REP does the math.
“I personally don’t think [the money] should [matter] but we know it certainly does,” says Ken Lamb an agent in Calgary, adding he believes double-ending should be banished all together. “It makes a big difference. I’ve had situations where individuals cut corners and do things they shouldn’t just to end up with a double-ender. We can say [the money] doesn’t matter but it does.”
That scenario and the potential erosion of a client’s respect for an agent is something preventing many professionals from adopting the practice of acting as both the buying and selling representative. That potential risk notwithstanding, the number of agents on the other side are growing, but at what cost?
The average double-ending deal sees an agent take about double the commission. Considering an average home price of $419,699 – based on the latest national CREA numbers – and assuming a five per cent commission and a 50/50 split, an agent takes home $5,246.24. A double-ending agent, however, would take home about $10,492.48.
However, a good number of agents don’t share Lamb’s take on the practice.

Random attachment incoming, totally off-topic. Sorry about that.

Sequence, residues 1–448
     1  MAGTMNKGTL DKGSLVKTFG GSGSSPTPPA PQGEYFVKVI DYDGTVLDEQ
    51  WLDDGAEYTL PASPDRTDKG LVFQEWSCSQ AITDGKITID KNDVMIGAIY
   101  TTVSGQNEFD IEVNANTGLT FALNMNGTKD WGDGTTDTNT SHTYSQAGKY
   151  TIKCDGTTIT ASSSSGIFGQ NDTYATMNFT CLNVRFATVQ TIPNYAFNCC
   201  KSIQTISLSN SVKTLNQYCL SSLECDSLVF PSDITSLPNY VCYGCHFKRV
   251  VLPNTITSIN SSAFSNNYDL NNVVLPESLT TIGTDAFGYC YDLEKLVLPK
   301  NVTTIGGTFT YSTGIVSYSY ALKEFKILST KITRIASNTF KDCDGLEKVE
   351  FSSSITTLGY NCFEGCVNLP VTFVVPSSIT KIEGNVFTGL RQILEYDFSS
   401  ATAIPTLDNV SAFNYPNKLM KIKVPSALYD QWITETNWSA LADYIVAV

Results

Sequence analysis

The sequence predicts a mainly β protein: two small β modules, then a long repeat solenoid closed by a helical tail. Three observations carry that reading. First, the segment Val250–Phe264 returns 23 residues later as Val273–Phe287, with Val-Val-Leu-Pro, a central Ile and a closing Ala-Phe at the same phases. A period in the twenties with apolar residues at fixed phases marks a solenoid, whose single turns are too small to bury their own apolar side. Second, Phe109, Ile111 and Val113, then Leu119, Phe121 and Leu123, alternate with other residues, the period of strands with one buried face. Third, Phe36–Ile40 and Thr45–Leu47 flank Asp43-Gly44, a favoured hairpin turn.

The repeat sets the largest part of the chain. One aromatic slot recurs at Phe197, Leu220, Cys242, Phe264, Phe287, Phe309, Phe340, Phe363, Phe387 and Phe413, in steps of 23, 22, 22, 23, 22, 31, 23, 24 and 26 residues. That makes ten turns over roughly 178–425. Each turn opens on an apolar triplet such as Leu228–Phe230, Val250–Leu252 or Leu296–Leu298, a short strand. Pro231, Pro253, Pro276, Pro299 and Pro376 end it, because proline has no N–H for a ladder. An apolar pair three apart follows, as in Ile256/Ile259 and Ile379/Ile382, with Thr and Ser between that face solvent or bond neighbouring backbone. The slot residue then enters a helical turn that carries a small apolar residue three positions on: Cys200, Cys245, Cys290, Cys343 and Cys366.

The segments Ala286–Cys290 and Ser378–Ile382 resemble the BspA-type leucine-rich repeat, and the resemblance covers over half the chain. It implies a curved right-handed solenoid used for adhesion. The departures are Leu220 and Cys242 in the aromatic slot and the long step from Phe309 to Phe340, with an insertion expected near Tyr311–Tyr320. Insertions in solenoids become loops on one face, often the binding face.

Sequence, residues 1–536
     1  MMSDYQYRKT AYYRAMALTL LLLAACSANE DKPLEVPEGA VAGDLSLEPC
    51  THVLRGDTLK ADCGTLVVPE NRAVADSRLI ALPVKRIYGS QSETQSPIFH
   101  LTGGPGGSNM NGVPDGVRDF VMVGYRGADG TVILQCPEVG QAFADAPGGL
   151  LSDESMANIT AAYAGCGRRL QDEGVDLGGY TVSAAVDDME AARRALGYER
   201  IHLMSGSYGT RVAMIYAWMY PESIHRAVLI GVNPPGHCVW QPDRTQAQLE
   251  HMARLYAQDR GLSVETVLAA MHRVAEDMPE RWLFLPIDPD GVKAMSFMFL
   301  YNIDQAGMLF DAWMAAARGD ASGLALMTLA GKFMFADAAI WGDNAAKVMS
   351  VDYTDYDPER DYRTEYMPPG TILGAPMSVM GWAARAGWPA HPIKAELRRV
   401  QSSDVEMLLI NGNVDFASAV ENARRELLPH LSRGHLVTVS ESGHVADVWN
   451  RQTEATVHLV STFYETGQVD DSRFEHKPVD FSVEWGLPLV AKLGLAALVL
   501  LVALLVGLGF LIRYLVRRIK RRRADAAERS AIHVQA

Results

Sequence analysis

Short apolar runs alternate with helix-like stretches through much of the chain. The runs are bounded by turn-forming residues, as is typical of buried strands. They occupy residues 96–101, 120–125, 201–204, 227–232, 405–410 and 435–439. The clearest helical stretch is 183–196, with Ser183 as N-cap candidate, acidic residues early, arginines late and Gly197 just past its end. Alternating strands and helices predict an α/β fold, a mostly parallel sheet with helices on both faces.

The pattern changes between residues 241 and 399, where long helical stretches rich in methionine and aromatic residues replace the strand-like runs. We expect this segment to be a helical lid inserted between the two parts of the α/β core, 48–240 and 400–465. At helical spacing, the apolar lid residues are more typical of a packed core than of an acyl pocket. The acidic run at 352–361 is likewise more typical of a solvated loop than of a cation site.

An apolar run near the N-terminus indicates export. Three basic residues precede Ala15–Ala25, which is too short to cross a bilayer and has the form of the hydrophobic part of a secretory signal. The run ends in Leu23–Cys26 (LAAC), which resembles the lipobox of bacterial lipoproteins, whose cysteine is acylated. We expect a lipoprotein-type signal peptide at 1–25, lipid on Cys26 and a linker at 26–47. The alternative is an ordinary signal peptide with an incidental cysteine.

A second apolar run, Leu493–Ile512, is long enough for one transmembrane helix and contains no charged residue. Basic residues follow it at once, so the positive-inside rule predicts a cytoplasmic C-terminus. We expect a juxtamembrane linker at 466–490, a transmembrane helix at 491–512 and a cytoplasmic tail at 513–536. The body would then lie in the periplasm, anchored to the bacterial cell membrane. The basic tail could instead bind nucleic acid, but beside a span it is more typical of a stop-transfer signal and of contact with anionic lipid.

“I think the value I bring to the table is what it is,” says Rod Doris, an agent in Oshawa, Ont., adding he doesn’t have a problem with double ending. “At the end of the day, both the buyer and seller are happy with what transpires, so there’s never a question of whether or not I was earning too much.”
Lois Lemcke, however, says the issue takes on a very different face based on your region. For her part, selling real estate in rural Ontario, double ending is not only a regular occurrence, but her clients actually prefer it.
“I found that people want to deal with me, because I know the house,” she says. “I know who bought it the first time and the second time. In the old days, you went straight to the listing agent.”
Opponents suggest double-ending represents little monetary gain for potentially large reputational losses, but just how little is that gain?